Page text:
Home / Store / Journals / Electronic Articles / Fusion Science and Technology / Volume 45 / Number 2T
Fusion Science and Technology
Volume 45 / Number 2T / March 2004 / Pages 434-441
Format:electronic copy (download)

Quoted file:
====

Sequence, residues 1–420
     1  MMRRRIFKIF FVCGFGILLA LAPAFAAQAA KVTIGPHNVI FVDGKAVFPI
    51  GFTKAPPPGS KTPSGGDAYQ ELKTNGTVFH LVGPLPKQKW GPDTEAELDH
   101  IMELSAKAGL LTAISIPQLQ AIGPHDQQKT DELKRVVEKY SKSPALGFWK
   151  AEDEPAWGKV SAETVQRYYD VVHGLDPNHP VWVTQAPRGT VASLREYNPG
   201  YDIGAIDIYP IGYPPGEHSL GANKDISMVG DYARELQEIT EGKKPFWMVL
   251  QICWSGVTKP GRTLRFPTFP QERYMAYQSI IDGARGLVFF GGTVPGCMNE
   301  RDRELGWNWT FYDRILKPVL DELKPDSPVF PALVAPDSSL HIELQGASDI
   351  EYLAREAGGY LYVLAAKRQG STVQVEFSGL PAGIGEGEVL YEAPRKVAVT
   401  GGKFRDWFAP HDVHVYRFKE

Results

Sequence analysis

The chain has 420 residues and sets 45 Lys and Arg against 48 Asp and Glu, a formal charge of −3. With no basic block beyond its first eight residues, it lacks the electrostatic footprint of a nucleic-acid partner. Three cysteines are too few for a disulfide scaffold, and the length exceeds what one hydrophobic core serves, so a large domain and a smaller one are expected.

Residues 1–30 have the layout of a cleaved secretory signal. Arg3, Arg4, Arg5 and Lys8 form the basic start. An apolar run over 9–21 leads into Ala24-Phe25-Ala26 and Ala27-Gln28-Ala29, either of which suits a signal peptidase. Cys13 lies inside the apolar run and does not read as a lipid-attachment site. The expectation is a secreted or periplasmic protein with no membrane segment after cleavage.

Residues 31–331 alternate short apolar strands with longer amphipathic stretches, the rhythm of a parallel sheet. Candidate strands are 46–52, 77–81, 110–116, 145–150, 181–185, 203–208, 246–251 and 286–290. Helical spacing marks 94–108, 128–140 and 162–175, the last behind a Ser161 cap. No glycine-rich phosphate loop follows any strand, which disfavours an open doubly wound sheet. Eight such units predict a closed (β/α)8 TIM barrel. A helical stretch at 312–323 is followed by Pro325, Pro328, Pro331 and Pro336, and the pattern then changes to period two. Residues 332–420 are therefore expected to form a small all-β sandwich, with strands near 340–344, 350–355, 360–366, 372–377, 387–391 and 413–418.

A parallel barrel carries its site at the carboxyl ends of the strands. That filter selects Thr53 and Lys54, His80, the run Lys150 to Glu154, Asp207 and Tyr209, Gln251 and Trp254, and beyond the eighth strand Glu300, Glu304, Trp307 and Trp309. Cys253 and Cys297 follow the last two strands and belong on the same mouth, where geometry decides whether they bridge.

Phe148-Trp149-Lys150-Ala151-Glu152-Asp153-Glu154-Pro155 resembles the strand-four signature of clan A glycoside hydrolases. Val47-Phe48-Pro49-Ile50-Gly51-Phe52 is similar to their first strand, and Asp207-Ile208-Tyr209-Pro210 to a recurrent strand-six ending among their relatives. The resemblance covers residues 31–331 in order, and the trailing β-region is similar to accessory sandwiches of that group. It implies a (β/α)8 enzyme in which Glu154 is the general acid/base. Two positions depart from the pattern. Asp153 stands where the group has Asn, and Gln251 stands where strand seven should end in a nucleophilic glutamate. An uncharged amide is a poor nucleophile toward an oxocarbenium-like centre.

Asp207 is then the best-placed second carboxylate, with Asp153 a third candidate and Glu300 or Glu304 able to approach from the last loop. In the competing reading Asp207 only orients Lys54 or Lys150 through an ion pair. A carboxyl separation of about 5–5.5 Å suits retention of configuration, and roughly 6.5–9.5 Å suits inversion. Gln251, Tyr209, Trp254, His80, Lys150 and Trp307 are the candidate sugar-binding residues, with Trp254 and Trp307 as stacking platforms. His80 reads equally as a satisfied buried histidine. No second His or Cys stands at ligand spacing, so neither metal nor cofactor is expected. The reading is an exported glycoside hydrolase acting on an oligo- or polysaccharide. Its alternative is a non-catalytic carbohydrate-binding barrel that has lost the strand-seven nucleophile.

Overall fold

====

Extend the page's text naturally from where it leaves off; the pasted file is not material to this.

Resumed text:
Plasma can be studied and characterised by the analysis of its radiation1,2. Signals obtained by passive spectroscopy contain much information about temperature, density and flux of the main species and impurities3. The interpretation of measured line intensities requires the knowledge of atomic physics describing the specific radiation from the plasma. Tomographic methods are applied but they need symmetries for the calculation of local parameters. Additionally in magnetic confined plasmas the interpretation might be more difficult due to the Zeeman splitting.
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